Friday, January 30, 2015

News of the Week: 2 - 6 February 2015


Don't miss out on a fun evening with food from around the world. The annual AISB International Fair is tomorrow, Saturday 31 January, from 6:00 - 8:30. Admission is free, and food/drinks will be sold at the fair (500 cfa each). This year there will even be international games for the kids!


Last week we began our service learning project with Mali Health Organizing Project. As part of learning about disease and hygiene, our class will once again create a graphic novel that promotes healthy living, and will distribute hundreds of copies among local school children.

Thank you to Charity's family for agreeing to host the April celebration event at the end of the project!

BUT...we need some help. We are looking for:
  • funding for the printing of our graphic novels (around $1000 US)
  • funding to buy school supplies for our Malian student friends (around $400)

If you or your company/organization can help with funding, please let me know ASAP. We would really appreciate your assistance!


As a culminating project for the novel The Sign of the Beaver, students used symbols to create an artwork explaining their life. It had to be done in the style of one the artists we studied in this unit: Jean-Michel Basquiat, Marc Chagall, Keith Haring, or the Dogon door artists. Here is their very creative artwork--see if you can guess the artist inspiration:


This week we began a new reading unit based around the short story "Train to Somewhere." This historical fiction story by Eve Bunting is based on the program that took orphaned and homeless children from crowded cities in the eastern the United States to foster homes in the Midwest. The orphan trains operated between 1853 and 1929 and relocated about 250,000 orphaned, abandoned, or homeless children.

This week students learned some background information about the orphan train, and listened to how the singer/songwriter Lee Ann Womack put her emotions about the orphan train into a song:

We read the first half of the novel as students focused on the skill of identifying the sequence of important events. At this halfway point through the book, teams chose a scene from the story to portray in a tableau.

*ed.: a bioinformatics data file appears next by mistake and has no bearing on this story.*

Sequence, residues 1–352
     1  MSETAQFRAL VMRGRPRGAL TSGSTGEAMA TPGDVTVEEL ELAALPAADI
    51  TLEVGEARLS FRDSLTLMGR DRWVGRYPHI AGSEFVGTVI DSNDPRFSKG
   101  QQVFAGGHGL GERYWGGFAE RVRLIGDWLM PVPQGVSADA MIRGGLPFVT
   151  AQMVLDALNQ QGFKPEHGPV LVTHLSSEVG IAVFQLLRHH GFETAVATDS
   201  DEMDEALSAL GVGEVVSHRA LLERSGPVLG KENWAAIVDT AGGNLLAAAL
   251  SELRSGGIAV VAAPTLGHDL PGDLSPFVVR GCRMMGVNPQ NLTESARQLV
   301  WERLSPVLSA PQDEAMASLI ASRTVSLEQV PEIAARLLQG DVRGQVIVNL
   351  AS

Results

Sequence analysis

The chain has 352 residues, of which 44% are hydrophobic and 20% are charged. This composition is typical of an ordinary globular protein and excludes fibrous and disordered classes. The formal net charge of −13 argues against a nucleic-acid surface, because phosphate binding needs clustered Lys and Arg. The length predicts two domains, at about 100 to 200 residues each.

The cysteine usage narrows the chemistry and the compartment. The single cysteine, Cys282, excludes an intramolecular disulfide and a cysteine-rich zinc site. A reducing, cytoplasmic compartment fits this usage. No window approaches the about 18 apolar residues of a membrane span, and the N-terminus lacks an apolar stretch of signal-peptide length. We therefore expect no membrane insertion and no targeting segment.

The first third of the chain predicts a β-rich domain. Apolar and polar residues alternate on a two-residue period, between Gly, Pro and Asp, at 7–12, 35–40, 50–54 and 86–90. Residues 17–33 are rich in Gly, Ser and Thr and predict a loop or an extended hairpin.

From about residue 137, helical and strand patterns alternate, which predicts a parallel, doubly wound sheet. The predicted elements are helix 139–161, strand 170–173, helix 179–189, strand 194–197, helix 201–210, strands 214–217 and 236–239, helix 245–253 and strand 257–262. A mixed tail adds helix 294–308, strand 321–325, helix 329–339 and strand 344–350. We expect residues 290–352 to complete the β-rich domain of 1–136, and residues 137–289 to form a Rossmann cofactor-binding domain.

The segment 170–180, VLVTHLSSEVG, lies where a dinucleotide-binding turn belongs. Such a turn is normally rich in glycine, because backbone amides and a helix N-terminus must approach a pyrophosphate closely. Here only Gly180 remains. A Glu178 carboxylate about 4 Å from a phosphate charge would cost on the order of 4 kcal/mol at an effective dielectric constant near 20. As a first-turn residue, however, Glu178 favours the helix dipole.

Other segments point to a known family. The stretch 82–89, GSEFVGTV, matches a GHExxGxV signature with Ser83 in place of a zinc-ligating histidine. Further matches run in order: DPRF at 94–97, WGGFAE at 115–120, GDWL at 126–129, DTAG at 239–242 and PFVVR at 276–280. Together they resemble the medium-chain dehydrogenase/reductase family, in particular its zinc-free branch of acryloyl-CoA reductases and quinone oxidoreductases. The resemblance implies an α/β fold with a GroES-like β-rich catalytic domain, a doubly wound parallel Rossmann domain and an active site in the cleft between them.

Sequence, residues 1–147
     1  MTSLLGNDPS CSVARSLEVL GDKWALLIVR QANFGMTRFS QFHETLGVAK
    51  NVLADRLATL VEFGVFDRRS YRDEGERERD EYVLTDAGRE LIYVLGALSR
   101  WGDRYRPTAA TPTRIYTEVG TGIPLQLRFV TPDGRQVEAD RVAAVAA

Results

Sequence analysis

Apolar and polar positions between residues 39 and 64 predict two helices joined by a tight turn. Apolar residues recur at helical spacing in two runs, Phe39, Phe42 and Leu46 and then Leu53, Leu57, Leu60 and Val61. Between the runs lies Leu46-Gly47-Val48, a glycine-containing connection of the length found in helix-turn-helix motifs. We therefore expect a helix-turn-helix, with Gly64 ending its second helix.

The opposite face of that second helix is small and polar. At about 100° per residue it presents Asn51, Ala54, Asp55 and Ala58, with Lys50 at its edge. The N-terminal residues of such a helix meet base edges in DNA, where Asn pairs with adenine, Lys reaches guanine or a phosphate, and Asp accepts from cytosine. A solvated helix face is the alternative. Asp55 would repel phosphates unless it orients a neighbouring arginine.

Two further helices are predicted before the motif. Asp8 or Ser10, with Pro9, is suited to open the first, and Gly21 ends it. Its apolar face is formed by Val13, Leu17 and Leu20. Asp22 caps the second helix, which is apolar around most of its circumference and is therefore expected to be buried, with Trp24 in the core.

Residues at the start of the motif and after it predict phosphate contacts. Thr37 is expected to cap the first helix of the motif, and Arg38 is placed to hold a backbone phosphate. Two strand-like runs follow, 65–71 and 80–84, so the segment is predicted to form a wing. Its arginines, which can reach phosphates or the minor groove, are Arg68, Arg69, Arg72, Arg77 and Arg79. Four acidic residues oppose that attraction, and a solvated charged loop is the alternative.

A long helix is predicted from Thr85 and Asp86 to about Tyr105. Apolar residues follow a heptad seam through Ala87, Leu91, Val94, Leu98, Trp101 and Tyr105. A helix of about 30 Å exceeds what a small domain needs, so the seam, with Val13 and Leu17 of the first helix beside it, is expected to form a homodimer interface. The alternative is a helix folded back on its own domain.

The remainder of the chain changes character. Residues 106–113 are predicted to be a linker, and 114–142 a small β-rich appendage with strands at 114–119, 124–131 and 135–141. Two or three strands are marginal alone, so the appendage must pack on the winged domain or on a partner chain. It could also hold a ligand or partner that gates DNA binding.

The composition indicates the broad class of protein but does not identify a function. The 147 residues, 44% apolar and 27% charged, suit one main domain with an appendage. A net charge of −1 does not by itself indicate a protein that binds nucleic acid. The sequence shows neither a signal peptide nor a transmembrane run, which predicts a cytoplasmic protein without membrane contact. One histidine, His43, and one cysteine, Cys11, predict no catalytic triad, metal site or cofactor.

As they performed, the other students used a rubric to score their scene:

Afterwards students discussed how performing the tableaus helped them understand the story more, and helped them feel what the characters feel.

Here a some photos of the performances:

  • Ask your child to discuss the orphan train. Why did this happen? Was it a good thing or a bad thing? 
  • Ask your child to discuss the song "Orphan Train." How does the music and the lyrics make us understand the orphan train story?
  • Ask your child to describe the tableau he/she performed in. How did the other students score it? What would they do differently in their next performance?
  • Check to see that your child is doing the “Read to Succeed” homework each school night: reading 20 minutes or more from a book of their choosing, then writing a 3 to 5 sentence summary about what they read. Read what he/she wrote and make sure it actually summarizes the pages read rather than giving a detailed retelling of the story, or just telling one thing that happened rather than the sum total of what happened.
  • Have your child read aloud to you to practice his/her fluency (reading accurately, smoothly, quickly, and with expression). 


Last week Grade 4 students looked at improper fractions, took a test on all of the fraction concepts they learned in Chapter 8, and learned to add and subtract fractions with the same denominator.